House Bill 8 changes how community colleges are funded
EAST TEXAS (KTRE) - Before House Bill 8, the state funded colleges based on enrollment. Now the focus will shift to a number factors such as the number of students transferring to four-year universities, and how many credentials of value students earn, like degrees or certifications.
“We will be, I don’t want to say rewarded, but the reinvestment will occur back into the colleges,” said Trinity Valley Community College President Jason Morisson.
House bill 8 will also award colleges that provide credentials for high demand job fields.
Morrison says this is a game changer.
“I think you’re going to see two-year colleges being more attentive to those economic demands and those industry demands, there’s going to be more attention paid for how is that benefiting our economic areas,” said Morrison.
According to Degreechoices.com, community college students can pay $3,550 per year. Morrisson says House Bill 8 will ease the financial impact for some students with the help of a new program.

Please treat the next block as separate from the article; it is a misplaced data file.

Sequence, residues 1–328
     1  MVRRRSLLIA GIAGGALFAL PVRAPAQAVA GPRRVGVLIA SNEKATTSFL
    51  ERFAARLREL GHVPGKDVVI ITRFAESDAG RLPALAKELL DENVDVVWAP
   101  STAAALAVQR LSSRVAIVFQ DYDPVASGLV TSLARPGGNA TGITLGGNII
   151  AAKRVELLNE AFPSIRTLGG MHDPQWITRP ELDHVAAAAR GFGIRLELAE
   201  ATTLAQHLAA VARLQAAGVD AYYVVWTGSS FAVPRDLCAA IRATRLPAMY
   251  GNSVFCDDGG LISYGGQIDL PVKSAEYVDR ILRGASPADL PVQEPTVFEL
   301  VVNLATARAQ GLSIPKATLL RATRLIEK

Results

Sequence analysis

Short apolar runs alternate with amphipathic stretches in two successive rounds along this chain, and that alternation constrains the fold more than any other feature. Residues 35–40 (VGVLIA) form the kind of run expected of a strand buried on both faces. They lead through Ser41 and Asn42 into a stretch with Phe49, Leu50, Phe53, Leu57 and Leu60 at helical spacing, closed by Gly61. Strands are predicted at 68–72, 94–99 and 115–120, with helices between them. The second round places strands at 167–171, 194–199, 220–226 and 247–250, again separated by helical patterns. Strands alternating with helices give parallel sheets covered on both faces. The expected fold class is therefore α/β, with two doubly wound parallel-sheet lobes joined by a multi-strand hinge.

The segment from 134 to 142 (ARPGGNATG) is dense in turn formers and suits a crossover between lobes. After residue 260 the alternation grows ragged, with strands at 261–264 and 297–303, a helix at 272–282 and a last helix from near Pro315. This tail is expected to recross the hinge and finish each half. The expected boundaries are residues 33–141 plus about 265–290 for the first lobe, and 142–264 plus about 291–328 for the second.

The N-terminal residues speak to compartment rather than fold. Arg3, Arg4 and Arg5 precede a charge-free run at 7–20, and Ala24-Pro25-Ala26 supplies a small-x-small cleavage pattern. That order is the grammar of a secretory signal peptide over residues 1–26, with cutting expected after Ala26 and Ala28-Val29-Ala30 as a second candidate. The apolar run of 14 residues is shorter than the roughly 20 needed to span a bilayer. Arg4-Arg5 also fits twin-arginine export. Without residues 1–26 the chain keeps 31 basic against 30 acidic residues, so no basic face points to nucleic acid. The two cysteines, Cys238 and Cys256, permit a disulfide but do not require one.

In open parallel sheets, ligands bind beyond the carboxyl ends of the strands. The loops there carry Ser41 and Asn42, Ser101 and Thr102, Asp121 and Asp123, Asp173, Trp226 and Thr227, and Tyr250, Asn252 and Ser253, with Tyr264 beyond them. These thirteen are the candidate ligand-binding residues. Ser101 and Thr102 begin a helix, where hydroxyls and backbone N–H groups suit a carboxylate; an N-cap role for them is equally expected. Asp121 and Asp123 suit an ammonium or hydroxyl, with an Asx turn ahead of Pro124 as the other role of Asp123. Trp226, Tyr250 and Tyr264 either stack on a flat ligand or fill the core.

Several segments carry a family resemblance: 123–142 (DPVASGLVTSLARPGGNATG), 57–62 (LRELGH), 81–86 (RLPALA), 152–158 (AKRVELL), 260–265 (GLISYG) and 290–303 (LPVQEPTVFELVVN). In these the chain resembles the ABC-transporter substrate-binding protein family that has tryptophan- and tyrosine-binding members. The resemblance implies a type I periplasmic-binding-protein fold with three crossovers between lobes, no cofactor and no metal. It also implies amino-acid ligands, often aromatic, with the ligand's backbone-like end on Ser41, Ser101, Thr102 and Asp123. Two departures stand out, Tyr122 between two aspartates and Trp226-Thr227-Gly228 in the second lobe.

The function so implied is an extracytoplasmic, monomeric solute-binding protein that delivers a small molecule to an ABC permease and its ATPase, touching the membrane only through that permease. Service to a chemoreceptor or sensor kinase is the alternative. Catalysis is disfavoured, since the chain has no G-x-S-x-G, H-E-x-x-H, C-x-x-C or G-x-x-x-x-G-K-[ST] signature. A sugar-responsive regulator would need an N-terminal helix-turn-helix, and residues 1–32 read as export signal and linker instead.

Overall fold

“It’s tremendous in opening doors to students that were not able to access dual credit, that is probably one of the most transformational benefits of the F.A.S.T program,” said Morisson.
The Financial Aid for Swift Transfer (F.A.S.T) scholarship program helps low income high school students enroll in dual credit courses at two-year colleges.
“It’s giving an opportunity for students to seek college education in career and technical type programs, transfer programs, that never had the opportunity before,” said Morrison.
Morrison says colleges shouldn’t be scared of their funding focusing on performance.
“It’s really not going to change the mindset of a two-year college, because we’ve always been smaller environments, student centered. But we’re actually going to see now the funding is going to be directed towards that,” said Morisson.
The state provided a $428,000,000 investment to help community colleges make the transition.
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